Some packs will have a Depth-seer, which cast an uninterruptible version of the Druid AoE heal, Tranquility. Surprising no-one, you'll want to focus these down first, as they will out-heal even a well-geared raid's damage potential.

There are five packs in total, but one pack is at the rear of the room and can be removed by resetting the next boss with a hunter pet - which is highly recommended.

Once the pack at the rear of the room has been removed, it's time to pull the boss for real.

Boss Five - Morogrim Tidewalker

Morogrim Tidewalker is the gear check of Serpentshrine Cavern - and it's a brutal one at that. If your tanks are too thin, they'll get squished. If your healers aren't up to scratch, they'll run out of gas long before the boss does. And without enough damage, your tanks and healers are sitting ducks.

Morogrim himself is a genuine tank buster. He hits your tank for large amounts, in quick succession. Even a good tank will require multiple healers for the majority of the fight. Morogrim is capable of "flurrying", where he hits the tank multiple times in a short space of time. This is lethal for warriors and normally ends in a crushing blow. Your best hope is a druid, armed to the teeth with mitigation gear.

Morogrim doesn't just flog your tank, however. Periodically, he'll cast earthquake, which deals significant raid-wide damage. He'll also cast Watery Grave on four random players through the fight, which will stun them and deal them a significant amount of damage. Healers need to communicate effectively if they end up in a bubble, especially if someone assigned to the main tank gets water tombed. You'll also need a dedicated healer to top off players in bubbles.

Lastly, the boss will also summon waves of Murlocs to pressure the raid. Two packs will spawn, one on either side of the room. As to be expected, they'll make a beeline straight for healers, so your caster DPS will need to use countermeasures to slow them down, such as Blizzards, Freezing Traps and Earthbind Totems. Have your Paladin build threat with consecrate, but keep moving - if all of the Murlocs hit your Paladin at once, they're dead meat. Have your warrior keep an eye for loose adds and keep them away from healers and DPS.


Positioning for Morogrim is simple. All the healers and range stack tightly together on one pillar at the entrance to the room, whilst the boss is tanked on the opposite pillar. Hunters should put Freezing Traps at both entrances periodically.

One trick to build threat prior to a wave of Murlocs hitting your ranged stack is to have a Warlock use Life Tap and then have your Paladin tank use the biggest healing spell they can. This generates enough initial threat to attract most of the Murlocs, who will then enter the consecrate and can be moved around whilst being hit with aoe spells to bring them down.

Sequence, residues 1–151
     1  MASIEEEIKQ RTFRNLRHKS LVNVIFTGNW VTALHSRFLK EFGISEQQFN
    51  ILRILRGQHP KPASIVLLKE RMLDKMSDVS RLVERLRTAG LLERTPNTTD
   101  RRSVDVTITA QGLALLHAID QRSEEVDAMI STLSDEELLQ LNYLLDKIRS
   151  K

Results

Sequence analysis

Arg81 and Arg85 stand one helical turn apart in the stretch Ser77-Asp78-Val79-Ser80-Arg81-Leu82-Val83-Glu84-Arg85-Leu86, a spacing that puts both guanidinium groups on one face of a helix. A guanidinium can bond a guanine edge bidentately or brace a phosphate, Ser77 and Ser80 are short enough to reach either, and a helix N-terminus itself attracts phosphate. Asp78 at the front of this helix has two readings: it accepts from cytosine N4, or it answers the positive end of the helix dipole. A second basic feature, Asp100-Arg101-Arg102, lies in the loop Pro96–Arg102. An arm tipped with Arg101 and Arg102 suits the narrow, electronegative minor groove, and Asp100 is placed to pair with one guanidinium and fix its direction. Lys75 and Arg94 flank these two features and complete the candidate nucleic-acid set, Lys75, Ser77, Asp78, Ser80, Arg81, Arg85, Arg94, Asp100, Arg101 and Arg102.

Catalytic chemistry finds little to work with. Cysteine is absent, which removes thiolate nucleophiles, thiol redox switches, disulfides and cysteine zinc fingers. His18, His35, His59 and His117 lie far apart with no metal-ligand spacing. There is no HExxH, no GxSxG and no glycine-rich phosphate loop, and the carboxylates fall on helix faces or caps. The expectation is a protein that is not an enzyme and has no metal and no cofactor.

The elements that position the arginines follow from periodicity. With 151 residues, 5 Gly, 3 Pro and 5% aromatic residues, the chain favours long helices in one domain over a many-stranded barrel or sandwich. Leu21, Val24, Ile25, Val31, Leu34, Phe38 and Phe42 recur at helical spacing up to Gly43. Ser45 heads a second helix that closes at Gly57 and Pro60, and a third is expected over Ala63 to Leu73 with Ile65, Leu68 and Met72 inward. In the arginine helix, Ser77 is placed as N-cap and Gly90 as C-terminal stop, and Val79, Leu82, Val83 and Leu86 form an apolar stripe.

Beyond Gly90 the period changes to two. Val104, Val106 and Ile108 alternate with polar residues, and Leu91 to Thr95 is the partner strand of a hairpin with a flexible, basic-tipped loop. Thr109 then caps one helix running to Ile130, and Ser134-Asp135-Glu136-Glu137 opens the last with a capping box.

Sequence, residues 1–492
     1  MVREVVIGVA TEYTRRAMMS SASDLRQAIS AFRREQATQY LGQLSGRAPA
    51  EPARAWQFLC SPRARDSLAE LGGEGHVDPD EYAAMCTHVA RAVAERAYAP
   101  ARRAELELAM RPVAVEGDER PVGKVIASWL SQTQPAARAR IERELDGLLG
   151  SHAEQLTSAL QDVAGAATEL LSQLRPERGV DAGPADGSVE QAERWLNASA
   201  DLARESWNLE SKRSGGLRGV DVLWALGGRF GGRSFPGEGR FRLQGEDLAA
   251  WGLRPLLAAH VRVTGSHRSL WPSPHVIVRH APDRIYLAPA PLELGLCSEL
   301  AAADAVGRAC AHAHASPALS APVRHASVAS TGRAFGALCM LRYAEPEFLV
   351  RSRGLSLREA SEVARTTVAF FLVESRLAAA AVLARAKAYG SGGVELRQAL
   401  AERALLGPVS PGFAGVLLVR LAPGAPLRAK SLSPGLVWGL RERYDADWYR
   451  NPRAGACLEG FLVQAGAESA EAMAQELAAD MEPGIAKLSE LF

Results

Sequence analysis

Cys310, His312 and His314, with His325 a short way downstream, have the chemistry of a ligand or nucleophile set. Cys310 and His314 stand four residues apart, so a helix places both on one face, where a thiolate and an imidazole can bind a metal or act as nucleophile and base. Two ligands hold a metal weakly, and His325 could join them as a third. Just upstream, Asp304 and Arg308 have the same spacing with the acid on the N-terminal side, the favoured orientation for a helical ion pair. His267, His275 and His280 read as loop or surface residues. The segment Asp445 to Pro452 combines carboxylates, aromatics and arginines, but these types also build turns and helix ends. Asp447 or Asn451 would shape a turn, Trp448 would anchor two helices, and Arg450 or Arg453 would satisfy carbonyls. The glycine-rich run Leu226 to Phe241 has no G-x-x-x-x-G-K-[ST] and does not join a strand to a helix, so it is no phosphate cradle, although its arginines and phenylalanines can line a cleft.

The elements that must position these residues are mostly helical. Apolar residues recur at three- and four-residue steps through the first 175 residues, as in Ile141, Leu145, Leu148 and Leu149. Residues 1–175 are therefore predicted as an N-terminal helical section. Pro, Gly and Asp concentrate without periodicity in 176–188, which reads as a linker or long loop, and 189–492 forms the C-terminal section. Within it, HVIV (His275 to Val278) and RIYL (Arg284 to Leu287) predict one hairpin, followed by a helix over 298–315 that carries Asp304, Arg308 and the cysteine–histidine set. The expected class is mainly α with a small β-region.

Warriors can also use super sapper charges if they're an engineer, or have hunters misdirect whilst using a super sapper charge. Whatever helps your warrior peel murlocs off healers. If your healers are good enough, they should look to taper off their healing until the murlocs are under control, but with all the raid and tank damage going off, your healers (and tanks) need to be pretty fat.

Once Morogrim hits 20%, the water bubbles in the middle of the room will start slowly moving toward the players. You'll want to tuck the entire raid into a corner and rush the boss down as quick as you can. You'll also get at least one, if not two waves of Murlocs, so all remaining abilities to manage them should be used to keep them suppressed, rather than to kill them. The aim of this last phase is to kill the boss before the water bubbles reach the raid and start entombing players.

Once the boss falls, you can now divert your full attention to cleaning up the murlocs. Collect your phat lewt, hit the switch, and it's time to take on one of the genuine threats of the expansion.

But first, we have to get there.

The aim is to reach the bridge console in the original cavern, which can now be activated. To get there, you can either walk all the way back through the previous boss rooms, which is longer, but means you don't have to clear any trash, or exit out of Morogrim's tunnel - seen here pictured at the platform three and four duckboard.